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Small animals discovered in the lost lake below 3,500 feet of ice in Antarctica



Scientists who drilled Mercer Lake, a subglacial Antarctic lake enclosed less than 3500 feet (one kilometer) in ice, discovered the ancient carcasses of small animals, including "water bears," in a discovery that scientists described as "totally unexpected".

On December 26, researchers funded by the US National Science Foundation. UU (NSF) managed to melt a hole through the thick ice in the water below. A report in the journal Nature said that the Scientific Access Equipment of the Antarctic Subglacial Lakes (SALSA) "melted through a huge frozen river with a high-pressure hot water drill."

The water below the ice sheet is hydraulically active and is connected to the Ross Sea and it has been identified that Lake Mercer has a high risk of collapsing with the West Antarctic ice sheet due to global warming. This is only the second time that humans have glimpsed the content of the lake and the massive scientific operation was carried out with technologies that include "ice penetration radar and other remote sensing techniques," according to the Nature article.

Main: cross section of an artist showing the drilling process to reach the lake (public domain). Box: Lake Mercer (CC by SA 3.0)

Main: cross section of an artist showing the drilling process to reach the lake (public domain). Box: Lake Mercer (CC by SA 3.0)

Rediscovering the ancient underwater life

The Guardian reported that scientists took samples of mud from the bottom of the frozen waters of the lake and found "tendrils of plants or fungi and remains of photosynthetic algae that lived and died in the area millions of years ago when Antarctica was much hotter" . the researchers later discovered crustacean-like shrimp and eight-legged tardigrades, or "water bears," which are described as smaller than poppy seeds.

David Harwood, a micro-paleontologist at the University of Nebraska-Lincoln, told reporters in Nature that discovering the animals in the ancient lake was "totally unexpected," but what really surprised the biologists at Lake Mercer was the understanding that some of the landlord beasts

Scientists know that these ancient creatures inhabited the ponds and streams of the Transantarctic Mountain when the glaciers had receded during the hot periods between 10,000 and 120,000 years ago. But one outstanding problem is that these crustaceans and beasts inhabit ponds about 80 miles (80 miles) from Lake Mercer, and it is not yet clear how they got there.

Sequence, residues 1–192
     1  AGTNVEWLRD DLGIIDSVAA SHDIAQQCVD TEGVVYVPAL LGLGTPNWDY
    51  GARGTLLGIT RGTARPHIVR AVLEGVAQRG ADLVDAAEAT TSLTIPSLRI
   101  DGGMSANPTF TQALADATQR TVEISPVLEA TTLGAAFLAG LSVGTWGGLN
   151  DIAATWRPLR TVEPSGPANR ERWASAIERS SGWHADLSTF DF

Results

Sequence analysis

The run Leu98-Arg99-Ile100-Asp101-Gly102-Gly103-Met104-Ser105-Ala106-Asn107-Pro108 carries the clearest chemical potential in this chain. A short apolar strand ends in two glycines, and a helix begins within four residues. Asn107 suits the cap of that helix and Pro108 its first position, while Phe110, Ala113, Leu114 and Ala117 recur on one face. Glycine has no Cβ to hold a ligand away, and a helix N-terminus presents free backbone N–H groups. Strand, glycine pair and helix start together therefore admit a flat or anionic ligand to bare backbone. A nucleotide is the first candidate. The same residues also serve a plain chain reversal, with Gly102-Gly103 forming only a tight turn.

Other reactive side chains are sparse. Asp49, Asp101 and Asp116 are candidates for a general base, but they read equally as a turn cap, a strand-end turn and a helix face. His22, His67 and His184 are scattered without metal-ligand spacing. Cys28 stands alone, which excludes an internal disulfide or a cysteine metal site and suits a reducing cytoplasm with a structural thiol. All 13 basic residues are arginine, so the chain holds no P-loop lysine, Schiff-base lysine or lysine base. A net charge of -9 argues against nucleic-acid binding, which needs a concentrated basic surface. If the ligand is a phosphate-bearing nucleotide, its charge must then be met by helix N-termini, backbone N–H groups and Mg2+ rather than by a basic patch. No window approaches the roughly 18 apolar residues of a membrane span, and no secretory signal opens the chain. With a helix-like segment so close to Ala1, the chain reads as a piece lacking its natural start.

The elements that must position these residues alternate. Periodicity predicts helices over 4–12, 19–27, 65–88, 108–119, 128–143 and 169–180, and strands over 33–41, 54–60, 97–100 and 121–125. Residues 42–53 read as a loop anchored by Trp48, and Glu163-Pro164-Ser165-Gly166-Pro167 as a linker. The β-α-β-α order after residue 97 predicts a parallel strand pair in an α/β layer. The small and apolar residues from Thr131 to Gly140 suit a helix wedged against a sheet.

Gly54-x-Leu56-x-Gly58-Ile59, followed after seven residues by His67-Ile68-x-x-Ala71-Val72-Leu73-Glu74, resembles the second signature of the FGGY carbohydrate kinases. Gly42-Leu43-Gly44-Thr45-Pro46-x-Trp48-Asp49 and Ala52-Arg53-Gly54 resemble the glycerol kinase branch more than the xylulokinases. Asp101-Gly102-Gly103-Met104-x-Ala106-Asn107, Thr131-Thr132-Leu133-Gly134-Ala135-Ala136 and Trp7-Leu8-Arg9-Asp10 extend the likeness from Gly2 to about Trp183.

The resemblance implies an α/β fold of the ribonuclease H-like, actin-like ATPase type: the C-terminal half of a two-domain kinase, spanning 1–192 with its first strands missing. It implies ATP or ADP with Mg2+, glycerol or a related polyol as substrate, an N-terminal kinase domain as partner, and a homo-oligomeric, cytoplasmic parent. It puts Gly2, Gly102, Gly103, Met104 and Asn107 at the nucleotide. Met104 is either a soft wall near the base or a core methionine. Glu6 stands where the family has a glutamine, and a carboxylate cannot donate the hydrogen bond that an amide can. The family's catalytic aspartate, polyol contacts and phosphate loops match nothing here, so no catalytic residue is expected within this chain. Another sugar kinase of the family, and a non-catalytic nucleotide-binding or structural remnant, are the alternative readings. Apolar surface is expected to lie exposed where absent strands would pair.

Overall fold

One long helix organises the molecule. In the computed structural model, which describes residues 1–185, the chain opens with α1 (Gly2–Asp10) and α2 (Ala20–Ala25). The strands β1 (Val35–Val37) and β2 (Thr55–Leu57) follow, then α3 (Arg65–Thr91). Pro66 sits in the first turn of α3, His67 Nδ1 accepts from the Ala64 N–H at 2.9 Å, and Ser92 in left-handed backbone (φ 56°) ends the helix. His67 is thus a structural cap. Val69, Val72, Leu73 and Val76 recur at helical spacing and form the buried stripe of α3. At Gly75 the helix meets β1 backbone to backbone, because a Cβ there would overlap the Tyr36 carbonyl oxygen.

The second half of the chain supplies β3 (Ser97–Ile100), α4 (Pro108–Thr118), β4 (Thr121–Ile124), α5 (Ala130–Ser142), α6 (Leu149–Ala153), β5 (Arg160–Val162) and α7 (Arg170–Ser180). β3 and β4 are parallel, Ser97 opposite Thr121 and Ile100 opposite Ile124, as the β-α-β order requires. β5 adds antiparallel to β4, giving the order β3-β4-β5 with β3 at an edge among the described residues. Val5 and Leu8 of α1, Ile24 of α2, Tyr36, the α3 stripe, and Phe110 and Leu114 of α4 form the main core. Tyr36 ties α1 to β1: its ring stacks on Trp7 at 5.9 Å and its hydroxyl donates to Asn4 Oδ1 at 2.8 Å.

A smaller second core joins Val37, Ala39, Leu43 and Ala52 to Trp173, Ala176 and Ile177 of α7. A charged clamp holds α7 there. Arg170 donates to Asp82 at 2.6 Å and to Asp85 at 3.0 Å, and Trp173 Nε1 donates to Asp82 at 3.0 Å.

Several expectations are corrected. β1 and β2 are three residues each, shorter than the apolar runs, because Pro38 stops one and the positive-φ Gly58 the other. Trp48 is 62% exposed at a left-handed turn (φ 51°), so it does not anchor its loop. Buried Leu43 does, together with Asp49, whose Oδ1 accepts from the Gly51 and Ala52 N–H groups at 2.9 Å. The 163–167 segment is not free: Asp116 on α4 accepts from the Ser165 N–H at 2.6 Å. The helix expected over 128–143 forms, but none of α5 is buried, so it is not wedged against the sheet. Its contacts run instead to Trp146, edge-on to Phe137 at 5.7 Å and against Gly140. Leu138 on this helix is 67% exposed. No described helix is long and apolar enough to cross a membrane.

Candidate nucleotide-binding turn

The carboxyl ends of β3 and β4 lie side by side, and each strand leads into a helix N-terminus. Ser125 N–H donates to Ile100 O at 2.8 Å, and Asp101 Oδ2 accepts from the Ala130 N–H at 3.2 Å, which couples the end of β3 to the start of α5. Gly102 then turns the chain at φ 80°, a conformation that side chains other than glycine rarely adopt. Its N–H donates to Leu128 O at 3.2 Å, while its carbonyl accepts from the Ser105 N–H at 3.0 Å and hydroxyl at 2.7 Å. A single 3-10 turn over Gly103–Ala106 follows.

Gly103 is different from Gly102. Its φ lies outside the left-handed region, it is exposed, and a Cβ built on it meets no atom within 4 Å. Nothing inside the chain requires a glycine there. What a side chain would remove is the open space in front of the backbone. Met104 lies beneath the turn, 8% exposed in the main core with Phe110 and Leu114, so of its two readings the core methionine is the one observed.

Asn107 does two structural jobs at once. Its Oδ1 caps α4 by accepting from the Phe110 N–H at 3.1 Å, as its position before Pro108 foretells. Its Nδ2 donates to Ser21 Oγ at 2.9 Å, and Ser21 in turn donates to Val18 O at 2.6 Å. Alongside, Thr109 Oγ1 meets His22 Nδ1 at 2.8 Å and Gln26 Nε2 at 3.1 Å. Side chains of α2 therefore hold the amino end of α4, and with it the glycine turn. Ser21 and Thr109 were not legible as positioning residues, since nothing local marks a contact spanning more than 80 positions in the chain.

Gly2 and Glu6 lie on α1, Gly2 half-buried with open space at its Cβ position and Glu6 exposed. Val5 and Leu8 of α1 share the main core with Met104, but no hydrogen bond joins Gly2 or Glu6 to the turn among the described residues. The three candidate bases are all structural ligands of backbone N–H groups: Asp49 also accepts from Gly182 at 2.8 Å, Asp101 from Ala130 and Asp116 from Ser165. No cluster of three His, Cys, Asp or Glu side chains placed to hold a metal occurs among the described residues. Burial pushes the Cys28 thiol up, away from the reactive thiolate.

Tardígrados with a scanning electron microscope (CC by SA 2.5)

Tardígrados with a scanning electron microscope (CC by SA 2.5)

DNA could provide answers to the ancient origins of creatures

In 5 th In January, the scientists closed the well and believe that it will take several years to analyze and analyze all the samples collected. They need to analyze DNA samples from the corpses of the crustaceans to determine if they were marine or freshwater species. The SALSA team also aims to determine the age of organic material with carbon dating and will also sequence the creatures' DNA to try to answer how, when and to what extent Antarctic glaciers retreated for millennia.

In 2013, Slawek Tulaczyk, a glaciologist at the University of California at Santa Cruz, was co-leader in a drilling expedition at Lake Whillans, a subglacial lake in Antarctica, 50 kilometers (31 miles) from Lake Mercer. Tulaczyk, who has been studying sediment samples from lakes under glacial ice since the 1990s, told The Guardian that "such a thing has never been found under the ice sheet before." Filled with microbes, they had not observed any "sign of higher life," like the one discovered at Mercer Lake.

The general idea of ​​lakes under the frozen cover of Antarctica was not really considered until the 1990s, when satellite seismic mapping technologies and ice penetration radar began to reveal evidence of subglacial lakes. Now, almost 400 are known to scientists, all fed by the base of the ice sheet that scientists estimate at a few millimeters per year. However, this is not caused by global warming, but by the omission of environmental heat from deep within the planet.

Top image: Coast of Antarctica with centenarian thickness of glaciers (sichkarenko_com / Adobe Stock )

By Ashley Cowie


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